Mixer Architecture

This chapter includes:

You can usually build an audio mixer from a relatively small number of components. Each of these components performs a specific mixing function. A summary of these components or elements follows:

A connection point where an external analog signal is brought into the mixer.
A connection point where an analog signal is taken from the mixer.
An element that converts analog signals to digital samples.
An element that converts digital samples to analog signals.
An element that can connect two or more points together. A simple switch may be used as a mute control. More complicated switches can mute the channels of a stream individually, or can even form crossbar matrixes where n input signals can be connected to n output signals.
An element that adjusts the amplitude level of a signal by applying attenuation or gain.
An element the adds all signals input to it and produces an output signal.
An element that allows the signal on one of its inputs to become its output.

By using these elements you can build a simple sound card mixer:

Simple sound card mixer

A simple sound card mixer.

In the diagram, the mute figures are switches, and the MIC and CD are input elements. This diagram is in fact a simplified representation of the Audio Codec '97 mixer, one of the most common mixers found on sound cards.

It's possible to control these mixer elements directly using the snd_mixer_element_read() and snd_mixer_element_write() functions, but this method isn't recommended because:

The element interface is the lowest level of control for a mixer and is complicated to control. One solution to this complexity is to arrange elements that are associated with a function into a mixer group. To further refine this idea, groups are classified as either playback or capture groups. To simplify creating and managing groups, a hard set of rules was developed for how groups are built from elements:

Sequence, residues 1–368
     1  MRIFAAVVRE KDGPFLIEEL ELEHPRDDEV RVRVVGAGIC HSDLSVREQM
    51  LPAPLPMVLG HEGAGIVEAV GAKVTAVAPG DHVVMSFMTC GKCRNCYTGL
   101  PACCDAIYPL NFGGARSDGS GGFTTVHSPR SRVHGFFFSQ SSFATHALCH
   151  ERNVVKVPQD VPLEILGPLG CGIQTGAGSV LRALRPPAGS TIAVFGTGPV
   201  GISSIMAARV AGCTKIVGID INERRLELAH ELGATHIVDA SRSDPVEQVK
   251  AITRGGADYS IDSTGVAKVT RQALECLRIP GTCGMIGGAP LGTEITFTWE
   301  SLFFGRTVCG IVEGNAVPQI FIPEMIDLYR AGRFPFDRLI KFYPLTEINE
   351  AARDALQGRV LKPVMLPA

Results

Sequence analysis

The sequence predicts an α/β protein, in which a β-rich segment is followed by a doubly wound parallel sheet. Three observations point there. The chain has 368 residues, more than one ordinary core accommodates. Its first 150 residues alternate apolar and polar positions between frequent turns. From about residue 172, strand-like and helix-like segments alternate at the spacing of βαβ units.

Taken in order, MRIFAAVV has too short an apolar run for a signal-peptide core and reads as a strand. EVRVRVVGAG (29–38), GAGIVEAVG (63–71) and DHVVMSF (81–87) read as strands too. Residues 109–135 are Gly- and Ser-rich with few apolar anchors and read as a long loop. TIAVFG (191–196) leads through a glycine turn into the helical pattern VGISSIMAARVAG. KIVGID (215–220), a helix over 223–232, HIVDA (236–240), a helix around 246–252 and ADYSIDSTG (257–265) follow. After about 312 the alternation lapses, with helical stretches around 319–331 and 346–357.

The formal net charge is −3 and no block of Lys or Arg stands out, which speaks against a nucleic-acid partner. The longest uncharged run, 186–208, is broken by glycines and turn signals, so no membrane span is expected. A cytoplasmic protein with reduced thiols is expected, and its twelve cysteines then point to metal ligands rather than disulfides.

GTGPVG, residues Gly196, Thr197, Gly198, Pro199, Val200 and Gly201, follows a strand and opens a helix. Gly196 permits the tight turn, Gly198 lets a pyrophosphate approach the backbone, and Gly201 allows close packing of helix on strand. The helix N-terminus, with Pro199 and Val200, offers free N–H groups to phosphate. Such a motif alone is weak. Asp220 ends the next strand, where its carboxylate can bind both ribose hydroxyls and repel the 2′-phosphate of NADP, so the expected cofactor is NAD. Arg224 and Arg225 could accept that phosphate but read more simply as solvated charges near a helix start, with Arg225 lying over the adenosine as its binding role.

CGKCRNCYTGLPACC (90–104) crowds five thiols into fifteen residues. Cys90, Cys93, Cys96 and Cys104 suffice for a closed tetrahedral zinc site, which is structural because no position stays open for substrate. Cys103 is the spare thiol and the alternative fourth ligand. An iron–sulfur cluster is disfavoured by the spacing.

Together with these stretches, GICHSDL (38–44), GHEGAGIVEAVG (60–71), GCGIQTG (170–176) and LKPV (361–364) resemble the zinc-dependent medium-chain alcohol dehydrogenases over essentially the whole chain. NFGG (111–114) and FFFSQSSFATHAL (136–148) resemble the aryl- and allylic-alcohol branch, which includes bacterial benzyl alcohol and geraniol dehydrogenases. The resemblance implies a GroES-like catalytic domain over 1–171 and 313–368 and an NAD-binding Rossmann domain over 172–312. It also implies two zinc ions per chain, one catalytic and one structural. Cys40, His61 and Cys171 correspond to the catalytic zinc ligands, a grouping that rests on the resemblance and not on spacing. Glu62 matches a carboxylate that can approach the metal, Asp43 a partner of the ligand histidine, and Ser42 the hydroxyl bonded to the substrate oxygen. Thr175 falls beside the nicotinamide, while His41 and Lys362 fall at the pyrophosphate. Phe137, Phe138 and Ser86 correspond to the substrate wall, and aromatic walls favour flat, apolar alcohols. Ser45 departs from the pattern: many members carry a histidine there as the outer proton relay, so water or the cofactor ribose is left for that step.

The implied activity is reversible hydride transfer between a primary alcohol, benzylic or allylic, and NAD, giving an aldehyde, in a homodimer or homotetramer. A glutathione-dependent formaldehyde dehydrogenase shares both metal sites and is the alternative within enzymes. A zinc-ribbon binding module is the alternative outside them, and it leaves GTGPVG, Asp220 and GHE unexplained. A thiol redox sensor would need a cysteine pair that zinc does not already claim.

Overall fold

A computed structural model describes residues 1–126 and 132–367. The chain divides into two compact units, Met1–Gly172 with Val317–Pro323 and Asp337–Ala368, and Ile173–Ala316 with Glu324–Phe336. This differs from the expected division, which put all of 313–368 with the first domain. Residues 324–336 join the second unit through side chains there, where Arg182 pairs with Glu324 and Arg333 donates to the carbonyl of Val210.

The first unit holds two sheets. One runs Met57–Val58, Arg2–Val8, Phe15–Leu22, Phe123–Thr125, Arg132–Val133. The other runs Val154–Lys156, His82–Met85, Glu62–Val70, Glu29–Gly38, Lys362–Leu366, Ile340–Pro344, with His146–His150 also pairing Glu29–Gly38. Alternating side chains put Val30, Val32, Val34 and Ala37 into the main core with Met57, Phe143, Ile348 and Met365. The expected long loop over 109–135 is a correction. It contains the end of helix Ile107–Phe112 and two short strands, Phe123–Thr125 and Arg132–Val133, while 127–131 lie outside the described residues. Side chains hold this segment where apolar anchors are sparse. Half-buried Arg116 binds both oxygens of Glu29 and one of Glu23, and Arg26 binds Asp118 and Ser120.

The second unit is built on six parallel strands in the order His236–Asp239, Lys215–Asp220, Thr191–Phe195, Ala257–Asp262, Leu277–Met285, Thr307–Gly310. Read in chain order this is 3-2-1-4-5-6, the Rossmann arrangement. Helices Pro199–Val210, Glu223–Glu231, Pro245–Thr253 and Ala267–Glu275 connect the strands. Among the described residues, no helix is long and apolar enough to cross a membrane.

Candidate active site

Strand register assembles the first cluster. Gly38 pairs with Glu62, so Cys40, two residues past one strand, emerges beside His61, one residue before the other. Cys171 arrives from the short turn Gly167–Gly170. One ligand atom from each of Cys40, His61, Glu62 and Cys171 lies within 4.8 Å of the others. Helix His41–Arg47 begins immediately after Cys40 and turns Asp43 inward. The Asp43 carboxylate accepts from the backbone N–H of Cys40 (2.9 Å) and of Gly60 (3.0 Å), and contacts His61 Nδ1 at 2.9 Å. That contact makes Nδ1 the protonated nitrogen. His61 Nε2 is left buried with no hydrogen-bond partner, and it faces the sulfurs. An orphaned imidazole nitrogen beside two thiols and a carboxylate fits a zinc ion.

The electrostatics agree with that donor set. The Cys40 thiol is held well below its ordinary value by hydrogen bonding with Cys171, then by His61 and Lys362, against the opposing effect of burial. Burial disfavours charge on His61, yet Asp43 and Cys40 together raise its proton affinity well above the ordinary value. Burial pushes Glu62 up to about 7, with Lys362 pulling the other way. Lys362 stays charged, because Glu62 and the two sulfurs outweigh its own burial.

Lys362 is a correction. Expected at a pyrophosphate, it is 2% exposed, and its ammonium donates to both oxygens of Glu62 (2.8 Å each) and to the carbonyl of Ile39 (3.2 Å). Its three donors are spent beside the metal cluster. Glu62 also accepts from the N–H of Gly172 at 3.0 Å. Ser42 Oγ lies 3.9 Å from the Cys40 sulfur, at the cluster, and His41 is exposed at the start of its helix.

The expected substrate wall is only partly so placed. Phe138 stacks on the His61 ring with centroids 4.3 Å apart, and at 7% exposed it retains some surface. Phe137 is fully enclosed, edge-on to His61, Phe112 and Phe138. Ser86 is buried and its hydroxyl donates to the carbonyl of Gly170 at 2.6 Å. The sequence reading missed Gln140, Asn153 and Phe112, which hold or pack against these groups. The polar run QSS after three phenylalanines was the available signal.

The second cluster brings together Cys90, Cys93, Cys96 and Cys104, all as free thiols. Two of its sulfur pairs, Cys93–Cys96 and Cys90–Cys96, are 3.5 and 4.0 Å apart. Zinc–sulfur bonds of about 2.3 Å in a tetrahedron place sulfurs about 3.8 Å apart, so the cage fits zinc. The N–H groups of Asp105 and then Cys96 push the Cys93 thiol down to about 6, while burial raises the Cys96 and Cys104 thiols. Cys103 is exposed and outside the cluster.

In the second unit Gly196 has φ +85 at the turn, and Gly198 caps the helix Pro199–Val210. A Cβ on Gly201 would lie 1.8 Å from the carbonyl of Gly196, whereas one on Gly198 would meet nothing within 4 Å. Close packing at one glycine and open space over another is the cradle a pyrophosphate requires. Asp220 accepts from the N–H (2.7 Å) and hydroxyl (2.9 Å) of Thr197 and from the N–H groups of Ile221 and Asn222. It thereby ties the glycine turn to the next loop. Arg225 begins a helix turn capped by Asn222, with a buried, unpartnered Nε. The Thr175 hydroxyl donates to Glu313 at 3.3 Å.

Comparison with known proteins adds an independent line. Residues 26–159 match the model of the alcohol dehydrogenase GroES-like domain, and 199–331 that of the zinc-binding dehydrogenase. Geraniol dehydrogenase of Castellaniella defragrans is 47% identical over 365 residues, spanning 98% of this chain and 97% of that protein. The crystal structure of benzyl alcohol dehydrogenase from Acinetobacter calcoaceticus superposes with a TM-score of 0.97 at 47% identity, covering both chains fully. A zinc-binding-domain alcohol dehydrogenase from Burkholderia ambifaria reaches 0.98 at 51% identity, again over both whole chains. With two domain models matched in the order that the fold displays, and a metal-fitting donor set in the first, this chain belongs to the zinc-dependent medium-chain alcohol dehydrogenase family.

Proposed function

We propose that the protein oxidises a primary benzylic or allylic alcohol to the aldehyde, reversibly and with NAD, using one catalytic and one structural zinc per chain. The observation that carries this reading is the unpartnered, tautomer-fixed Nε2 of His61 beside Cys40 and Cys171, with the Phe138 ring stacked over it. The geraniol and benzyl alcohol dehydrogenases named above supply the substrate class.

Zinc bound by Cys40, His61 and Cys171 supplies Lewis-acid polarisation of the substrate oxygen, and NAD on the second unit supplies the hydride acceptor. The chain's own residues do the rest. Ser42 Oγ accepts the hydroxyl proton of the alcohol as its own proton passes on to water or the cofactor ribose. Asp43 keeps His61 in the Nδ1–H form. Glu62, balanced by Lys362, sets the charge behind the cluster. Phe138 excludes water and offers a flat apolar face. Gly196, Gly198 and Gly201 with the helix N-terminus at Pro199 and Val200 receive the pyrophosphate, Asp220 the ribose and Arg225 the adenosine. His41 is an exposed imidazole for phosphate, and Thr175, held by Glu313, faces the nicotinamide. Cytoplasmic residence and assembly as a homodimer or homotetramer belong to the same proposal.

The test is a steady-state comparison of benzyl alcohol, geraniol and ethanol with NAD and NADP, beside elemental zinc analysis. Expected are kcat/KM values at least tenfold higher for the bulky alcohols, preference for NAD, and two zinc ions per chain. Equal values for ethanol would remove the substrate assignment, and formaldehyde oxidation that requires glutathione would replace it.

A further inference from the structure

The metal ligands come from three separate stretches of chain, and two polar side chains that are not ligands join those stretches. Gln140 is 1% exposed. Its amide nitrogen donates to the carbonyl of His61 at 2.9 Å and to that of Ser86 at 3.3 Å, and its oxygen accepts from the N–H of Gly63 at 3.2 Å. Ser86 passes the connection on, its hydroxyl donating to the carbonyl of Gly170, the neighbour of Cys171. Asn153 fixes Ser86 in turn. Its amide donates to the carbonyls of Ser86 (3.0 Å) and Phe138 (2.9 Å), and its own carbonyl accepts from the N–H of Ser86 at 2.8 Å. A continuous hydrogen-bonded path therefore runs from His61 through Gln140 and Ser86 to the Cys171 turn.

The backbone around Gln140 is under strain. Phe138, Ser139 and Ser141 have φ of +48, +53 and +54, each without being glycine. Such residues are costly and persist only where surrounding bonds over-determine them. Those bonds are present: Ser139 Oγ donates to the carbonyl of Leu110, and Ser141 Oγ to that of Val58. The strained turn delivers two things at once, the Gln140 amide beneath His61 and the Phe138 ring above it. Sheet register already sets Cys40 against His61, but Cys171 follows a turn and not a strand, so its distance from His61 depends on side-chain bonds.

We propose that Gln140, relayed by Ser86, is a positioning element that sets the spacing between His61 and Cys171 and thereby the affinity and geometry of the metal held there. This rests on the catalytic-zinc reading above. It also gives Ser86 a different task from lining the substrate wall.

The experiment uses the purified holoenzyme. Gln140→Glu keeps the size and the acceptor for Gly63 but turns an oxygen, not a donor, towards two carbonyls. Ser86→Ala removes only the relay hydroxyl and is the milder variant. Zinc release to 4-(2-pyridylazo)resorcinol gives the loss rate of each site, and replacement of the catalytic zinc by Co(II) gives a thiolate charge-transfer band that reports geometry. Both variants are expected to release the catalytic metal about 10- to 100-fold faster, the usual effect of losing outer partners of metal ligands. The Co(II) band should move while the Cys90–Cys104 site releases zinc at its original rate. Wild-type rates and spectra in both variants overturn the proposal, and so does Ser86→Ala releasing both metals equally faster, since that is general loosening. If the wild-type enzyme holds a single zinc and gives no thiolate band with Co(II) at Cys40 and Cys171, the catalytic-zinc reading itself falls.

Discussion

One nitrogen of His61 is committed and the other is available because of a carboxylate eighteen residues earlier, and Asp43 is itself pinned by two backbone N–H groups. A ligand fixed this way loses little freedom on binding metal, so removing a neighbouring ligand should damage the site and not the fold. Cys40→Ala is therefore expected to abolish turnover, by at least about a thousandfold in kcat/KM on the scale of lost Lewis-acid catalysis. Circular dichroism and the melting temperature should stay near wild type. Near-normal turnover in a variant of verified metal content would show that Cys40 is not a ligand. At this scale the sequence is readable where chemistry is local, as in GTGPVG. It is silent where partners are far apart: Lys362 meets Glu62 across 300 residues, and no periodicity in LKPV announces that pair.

If you apply these rules to the simple mixer in the above diagram, you get the following:

Playback Group PCM
Elements B (volume) and C (switch).
Playback Group MIC
Elements E (volume) and F (switch).
Playback Group CD
Elements L (volume) and M (switch).
Playback Group MASTER
Elements H (volume) and I (switch).
Capture Group MIC
Element N (multiplexer); there's no volume or switch.
Capture Group CD
Element N (multiplexer); there's no volume or switch.
Capture Group INPUT
Elements O (volume) and P (switch).

In separating the elements into groups, you've reduced the complexity of control (there are 7 groups instead of 17 elements), and each group associates well with what applications want to control.

Opening the mixer device

To open a connection to the mixer device, call snd_mixer_open(). This call has arguments for selecting the card and mixer device number to open. Most sound cards have only one mixer, but there may be additional mixers in special cases.

The snd_mixer_open() call returns a mixer handle that you'll use as an argument for additional API calls applied to this device. It's a pointer to a snd_mixer_t structure, which is an opaque data type.

Controlling a mixer group

The best way to control a mixer group is to use the read-modify-write technique. Using this technique, you can examine the group capabilities and ranges before adjusting the group.